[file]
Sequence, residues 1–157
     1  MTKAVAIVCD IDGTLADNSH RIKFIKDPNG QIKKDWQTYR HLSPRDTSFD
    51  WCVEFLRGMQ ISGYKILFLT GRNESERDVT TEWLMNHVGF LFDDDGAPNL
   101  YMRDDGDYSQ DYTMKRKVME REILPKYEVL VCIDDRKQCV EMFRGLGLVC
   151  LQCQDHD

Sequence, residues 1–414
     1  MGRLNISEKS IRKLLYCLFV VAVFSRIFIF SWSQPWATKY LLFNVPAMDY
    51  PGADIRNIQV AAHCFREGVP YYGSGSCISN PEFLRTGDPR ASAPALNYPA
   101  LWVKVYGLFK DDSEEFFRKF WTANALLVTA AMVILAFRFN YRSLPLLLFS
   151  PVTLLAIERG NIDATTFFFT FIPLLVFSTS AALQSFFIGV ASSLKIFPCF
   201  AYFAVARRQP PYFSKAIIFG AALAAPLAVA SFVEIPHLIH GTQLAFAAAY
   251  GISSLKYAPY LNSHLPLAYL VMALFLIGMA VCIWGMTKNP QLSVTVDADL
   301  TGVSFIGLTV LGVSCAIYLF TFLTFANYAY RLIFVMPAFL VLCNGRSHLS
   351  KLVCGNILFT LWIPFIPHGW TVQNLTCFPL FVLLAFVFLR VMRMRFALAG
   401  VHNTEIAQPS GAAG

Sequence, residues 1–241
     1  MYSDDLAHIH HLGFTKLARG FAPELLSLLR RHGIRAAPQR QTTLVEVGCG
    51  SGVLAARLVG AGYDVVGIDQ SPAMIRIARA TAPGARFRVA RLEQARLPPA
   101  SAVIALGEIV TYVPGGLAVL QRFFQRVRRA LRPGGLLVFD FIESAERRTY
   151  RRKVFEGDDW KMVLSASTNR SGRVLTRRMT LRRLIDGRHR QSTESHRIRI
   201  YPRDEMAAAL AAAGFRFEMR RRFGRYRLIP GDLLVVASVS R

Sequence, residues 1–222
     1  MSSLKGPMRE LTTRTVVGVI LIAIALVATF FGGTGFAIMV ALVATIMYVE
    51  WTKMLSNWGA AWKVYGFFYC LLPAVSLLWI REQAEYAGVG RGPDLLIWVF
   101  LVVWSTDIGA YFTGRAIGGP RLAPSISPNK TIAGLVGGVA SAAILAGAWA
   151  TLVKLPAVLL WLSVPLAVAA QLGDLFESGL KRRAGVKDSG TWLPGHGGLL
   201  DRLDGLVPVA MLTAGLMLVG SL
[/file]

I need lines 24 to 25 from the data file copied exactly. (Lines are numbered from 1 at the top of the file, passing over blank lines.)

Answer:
    51  WTKMLSNWGA AWKVYGFFYC LLPAVSLLWI REQAEYAGVG RGPDLLIWVF
   101  LVVWSTDIGA YFTGRAIGGP RLAPSISPNK TIAGLVGGVA SAAILAGAWA